3. 3. Principles and lessons acquired from those experiences Housing finance o Enable family wealth to be built up, improving living conditions, security, self-confidence and inclusion o Enable institution to make significant social contribution o Is a very advantageous product for a financial institution as they represent a low to moderate risk
  4. 4. Banks & MFIs, same approach? Both share the same benefits: o Expansion of its role, scope and accomplishment of its mission; o Earning the loyalty of its customers; responding to one of people’s priority needs; o Strong potential for attracting new costumers; o Diversification of the credit risk; o Possibility of cross-selling other products; o Long term loans that generate higher interest (lower loans rotation).
  5. 5. Advantages from MFIs MFIs have already changed the paradigm of personal finance through innovation by offering poorer communities or non-salaried people accessible and viable services
  6. 6. Clear distinction in microfinance Traditional mortgage Micro-mortgage
  7. 7. For most of the population o The cost of complete housing solution is prohibitive; o Income is limited and uncertain over a long period; o Prefer to take out smaller loans for shorter periods; o Fear putting at risk a home that they have sometimes spent years to build and in which they have invested all of their savings.
  8. 8. House improvement loan Approach based on a reality observed almost everywhere : low-income families build and improve their dwelling little by little when they have funds available. Progressive self help construction o Self-help construction of a first significant phase of a home; o Completed later as funds flow in, which may be saved funds or a new loan in time and place; o Middle-class employed borrower who already own a piece of land. Addition and improvement of existing home o Addition of a room or improvement of an existing house (example: addition of a bathroom facility) o Existing debt-free house already owned by the client to be rented out or to house a business or a workshop. o Built partially by the owner and hired employee.
  9. 9. House improvement loan West Africa (UMOA) East Africa (Zambia, Tanzania) Credit amount Max 12 000$ 1 000$ à 60 000 $ Average disbursement 6600$ Annual interest rates (declining balance) 10% to 18% Zambia 42 % Tanzania 36% Term loan Maximum 60 months Maximum 60 months Loan to value ratio 30% to 60% Collateral Mortgage promises Mostly mortgages Saving – 20% of the amount of loan Third party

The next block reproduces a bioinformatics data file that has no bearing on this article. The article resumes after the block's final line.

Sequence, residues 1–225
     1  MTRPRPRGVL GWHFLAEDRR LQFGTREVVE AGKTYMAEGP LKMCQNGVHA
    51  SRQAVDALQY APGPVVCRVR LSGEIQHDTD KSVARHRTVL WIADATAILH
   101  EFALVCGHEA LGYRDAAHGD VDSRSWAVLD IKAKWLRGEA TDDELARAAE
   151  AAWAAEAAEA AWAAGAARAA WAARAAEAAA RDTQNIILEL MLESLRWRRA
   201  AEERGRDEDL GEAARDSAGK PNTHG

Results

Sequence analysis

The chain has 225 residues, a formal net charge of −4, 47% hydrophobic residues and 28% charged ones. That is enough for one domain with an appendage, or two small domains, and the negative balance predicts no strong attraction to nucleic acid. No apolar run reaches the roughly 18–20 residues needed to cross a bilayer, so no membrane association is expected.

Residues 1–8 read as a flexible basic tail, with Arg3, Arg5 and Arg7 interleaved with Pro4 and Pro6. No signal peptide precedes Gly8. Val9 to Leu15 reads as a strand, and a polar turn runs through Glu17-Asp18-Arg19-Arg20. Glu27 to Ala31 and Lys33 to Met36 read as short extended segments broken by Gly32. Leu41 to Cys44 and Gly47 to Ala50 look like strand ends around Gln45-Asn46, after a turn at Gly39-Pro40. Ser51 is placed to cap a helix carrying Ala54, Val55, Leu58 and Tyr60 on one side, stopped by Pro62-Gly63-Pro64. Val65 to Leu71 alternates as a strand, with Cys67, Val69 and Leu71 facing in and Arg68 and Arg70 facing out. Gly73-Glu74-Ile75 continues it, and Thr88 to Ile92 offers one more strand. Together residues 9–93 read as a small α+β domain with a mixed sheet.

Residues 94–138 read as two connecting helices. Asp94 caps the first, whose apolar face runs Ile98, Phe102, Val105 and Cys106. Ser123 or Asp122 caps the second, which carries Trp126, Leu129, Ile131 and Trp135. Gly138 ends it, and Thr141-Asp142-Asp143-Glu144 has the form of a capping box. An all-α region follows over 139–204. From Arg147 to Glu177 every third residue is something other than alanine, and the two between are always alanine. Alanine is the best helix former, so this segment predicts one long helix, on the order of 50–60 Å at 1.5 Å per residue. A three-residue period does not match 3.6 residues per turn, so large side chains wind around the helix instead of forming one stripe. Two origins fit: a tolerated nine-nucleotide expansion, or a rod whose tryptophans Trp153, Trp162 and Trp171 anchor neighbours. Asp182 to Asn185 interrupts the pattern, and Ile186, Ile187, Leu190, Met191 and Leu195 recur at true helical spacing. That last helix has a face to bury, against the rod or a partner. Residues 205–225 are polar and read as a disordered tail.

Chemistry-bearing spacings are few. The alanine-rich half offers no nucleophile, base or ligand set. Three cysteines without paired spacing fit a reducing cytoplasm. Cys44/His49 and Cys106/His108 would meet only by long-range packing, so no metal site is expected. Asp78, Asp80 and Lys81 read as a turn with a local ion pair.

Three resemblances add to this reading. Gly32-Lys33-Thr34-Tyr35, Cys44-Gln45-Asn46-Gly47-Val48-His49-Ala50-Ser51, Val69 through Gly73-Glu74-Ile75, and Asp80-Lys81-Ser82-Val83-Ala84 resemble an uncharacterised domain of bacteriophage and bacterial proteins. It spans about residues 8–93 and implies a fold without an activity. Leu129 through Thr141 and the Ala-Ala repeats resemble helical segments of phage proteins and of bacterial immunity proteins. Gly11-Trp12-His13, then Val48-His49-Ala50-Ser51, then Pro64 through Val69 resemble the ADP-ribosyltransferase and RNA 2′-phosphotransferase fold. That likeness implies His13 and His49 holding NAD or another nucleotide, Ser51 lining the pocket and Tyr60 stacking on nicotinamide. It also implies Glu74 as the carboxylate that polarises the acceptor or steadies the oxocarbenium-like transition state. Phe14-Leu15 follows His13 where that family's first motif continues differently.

10. 10. Funding MAIN ISSUE TO OPTIMIZE THE OUTREACH OF MICRO HOUSING • Deposit and saving account : freezing the house saving product • Local funds (from local banks and subsidiaries) • Currency risk mitigation : hedging funds, local bank loan with liquidity as collateral • Funds costs − Interest rate : 13% to 14% (west Africa) 14% to 20% (East Africa) − Maximum : 5 years
  11. 11. Networks profile Global portfolio Nb loans credit $ Housing portfolio Par 30 % Nb loans credit $ Par 30 % Nyesigiso - Mali 208 875 27 491 13,5 766 2 820 11,4 Pamecas Sénégal 590 406 89 727 10,7 760 2 025 3,5 FUCEC - Togo 291 910 122 401 9,9 635 3 219 1,7 2 106 13 849 3,8 462 4 291 1,7 478 4 611 3,8 54 671 1,9 EFC Zambia Owned and operated by DID EFC Tanzania Owned and operated by DID
  12. 12. Lessons learned Housing loans processed in a different way from other products • they are more complex to analyze, evaluate and disburse: • a higher amount, a longer term, • heavily influenced by the nation's economic context (real estate bubble, abrupt fall in value, etc.).. We need to accompany the demand • There is not a spontaneous demand despite the needs and poor supply for housing loan • Approach : « Market Maker » For instance (Zambia) Devoting specialized staff to housing finance and managing them in a centralized fashion is recommended
  13. 13. Learned lessons • The average loan is 4 to 5 times higher than all types average loan • Longer loan term of 3 to 5 years Higher loans and less loans rotation = improved productivity
  14. 14. Housing finance Project Implementation Partners
  15. 15. Thank You Questions ?